For background here, stressing the desire to heal the scars caused to Anglo-American relations by the American Civil War, see Peter Clarke, Mr Churchill's Profession: Statesman, Orator, Writer (London, 2012), 81-115.
Thomas Otte, ‘“The Shrine at Sulgrave”: The Preservation of the Washington Ancestral Home as an “English Mount Vernon” and Transatlantic Relations’, in Towards World Heritage: International Origins of the Preservation Movement, 1870–1930, ed. M. Hall (Farnham 2011), 109–35.
Clarke, Mr Chuchill's Profession, pp.xv, 106, 110-11
There is a brief life by Joanne Workman, 'Helena Florence Normanton', ODNB.
In adddition to the Minutes (running from 1925), the Egham Museum possesses a printed service book for the 1924 Commemoration, including a photograph of the 1923 Commemoration, said to have been the first held at Runnymede.
For references to this pageant, see Minutes 10.xi.25, 8.vi.26
Report in the Times (18.xii.29) filed after Minutes for 18.vi.29.
Minutes 24.iv.31, 19.v.31, 15.vi.31. Marjoribanks died shortly afterwards, with the committee sending its condolences to his uncle, Lord Hailsham: Minutes 19.iv.32.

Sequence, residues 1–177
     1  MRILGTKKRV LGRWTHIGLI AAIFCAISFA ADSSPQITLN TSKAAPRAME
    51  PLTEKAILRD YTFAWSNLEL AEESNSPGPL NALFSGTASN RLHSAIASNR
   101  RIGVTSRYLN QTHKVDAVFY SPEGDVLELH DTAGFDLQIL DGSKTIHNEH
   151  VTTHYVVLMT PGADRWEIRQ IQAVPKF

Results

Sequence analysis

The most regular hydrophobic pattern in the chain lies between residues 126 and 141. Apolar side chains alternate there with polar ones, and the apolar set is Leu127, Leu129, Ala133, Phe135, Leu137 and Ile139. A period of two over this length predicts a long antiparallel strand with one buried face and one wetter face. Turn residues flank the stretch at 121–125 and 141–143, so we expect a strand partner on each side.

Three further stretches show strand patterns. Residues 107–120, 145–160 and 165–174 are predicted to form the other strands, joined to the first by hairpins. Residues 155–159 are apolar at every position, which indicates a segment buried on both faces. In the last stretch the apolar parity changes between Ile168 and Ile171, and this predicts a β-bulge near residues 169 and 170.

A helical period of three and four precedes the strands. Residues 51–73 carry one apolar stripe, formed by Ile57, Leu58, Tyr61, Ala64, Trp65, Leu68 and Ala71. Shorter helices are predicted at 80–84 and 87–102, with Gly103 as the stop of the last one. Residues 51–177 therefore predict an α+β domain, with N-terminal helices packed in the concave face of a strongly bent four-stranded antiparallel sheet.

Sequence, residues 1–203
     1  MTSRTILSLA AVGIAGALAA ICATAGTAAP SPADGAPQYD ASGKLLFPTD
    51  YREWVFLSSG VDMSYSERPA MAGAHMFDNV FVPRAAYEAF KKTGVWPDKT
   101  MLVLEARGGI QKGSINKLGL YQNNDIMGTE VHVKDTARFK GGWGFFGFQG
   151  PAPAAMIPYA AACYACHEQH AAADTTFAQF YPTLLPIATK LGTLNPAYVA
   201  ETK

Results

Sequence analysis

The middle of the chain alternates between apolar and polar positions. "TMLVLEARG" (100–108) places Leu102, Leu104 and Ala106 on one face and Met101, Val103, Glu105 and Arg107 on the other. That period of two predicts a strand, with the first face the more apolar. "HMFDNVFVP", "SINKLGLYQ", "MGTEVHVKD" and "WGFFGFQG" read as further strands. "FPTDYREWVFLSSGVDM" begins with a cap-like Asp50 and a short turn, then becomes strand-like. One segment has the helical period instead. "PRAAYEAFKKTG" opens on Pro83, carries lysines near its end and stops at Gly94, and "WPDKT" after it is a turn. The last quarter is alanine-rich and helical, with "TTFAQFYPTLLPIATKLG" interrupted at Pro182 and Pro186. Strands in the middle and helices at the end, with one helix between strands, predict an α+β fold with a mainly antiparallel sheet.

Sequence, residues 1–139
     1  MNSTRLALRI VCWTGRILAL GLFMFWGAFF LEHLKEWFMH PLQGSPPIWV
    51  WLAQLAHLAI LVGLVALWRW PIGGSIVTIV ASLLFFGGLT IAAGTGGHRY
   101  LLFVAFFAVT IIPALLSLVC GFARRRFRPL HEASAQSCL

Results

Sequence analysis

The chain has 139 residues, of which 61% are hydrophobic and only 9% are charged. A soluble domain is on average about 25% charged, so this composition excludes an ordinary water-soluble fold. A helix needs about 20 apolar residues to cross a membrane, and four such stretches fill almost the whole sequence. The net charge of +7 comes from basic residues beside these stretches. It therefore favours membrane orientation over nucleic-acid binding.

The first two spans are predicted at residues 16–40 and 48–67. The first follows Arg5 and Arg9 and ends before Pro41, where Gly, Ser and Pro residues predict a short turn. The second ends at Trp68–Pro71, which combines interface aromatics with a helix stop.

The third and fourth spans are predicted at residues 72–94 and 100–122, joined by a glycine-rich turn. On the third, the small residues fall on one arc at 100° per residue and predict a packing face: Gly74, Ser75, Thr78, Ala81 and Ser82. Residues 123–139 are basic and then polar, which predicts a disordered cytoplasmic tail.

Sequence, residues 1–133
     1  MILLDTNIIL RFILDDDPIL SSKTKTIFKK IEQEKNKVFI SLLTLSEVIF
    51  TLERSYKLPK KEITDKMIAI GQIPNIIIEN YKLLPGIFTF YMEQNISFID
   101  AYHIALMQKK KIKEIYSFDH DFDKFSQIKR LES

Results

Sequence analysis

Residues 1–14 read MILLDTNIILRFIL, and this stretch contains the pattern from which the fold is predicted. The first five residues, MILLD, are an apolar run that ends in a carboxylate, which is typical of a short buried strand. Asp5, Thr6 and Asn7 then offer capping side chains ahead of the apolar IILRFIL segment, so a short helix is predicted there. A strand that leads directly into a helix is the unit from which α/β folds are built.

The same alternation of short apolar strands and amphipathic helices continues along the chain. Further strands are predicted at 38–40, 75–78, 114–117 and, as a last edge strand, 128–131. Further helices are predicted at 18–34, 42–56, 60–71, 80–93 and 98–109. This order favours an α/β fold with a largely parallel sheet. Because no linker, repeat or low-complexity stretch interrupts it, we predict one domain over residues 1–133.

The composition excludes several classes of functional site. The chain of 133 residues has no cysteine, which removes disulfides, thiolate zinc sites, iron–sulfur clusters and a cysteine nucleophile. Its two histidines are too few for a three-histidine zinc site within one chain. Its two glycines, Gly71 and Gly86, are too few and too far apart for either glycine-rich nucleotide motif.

Minutes 11.v.26, 25.v.26, 8.vi.26.
Minutes 10.vi.26: 'Mr Hamilton: The position regarding this gentleman was again considered, and the various objections to his moving a vote of thanks were pointed out to the President, who suggested that a letter should be sent to Lord Kintore to say that the former practice of refraining from passing a vote of thanks would be strictly adhered to, but that a letter of thanks would be sent subsequently, and further pointing out that last year we had an American Bishop while next year we hoped to have the American Ambassador, and on this occasion, although several prominent Americans had been invited at the request of the E.S.U., it had been decided not to ask any of our overseas visitors to address the gathering'.
Minutes 3.v.29. For the Magna Carta commemorations held at Bury St Edmunds, see the work of the AHRC’s Redress of the Past: Historical Pageants in Britain, 1905-2016.
Minutes 5.vi.28, 18.vi.28, 4.vi.29.
Minutes 7.v.28 and 3.v.29.
The Times, 18.xii.29, of which a cutting follows Minutes 18.vi.29. The deed of sale, from the Crown Commissioners to R.W.E.L. Poole and A.C. Tranter, 14 December 1929, refers only to 115 acres, 1 rod and 34 perches of land in Longmead and Runnymede, the missing 70 acres being covered, presumably, by other instruments.
Press cuttings facing Minutes 13.v.30.
Minutes 24.iv.31 and 26.vi.33.
Minutes 3.v.29, 12.vi.30 (cutting from the Sunday Times 29.vi.30), 14.i.32, 19.iv.32, 26.vi.33.
Evening Standard 3.vii.32, preserved with Minutes 19.v.32.
Times 3.vii.33, preserved with Minutes 26.vi.33.
See the relevant entries in the catalogue: Magna Carta: Law, Liberty, Legacy, ed. Claire Breay and Julian Harrison (London, 2015).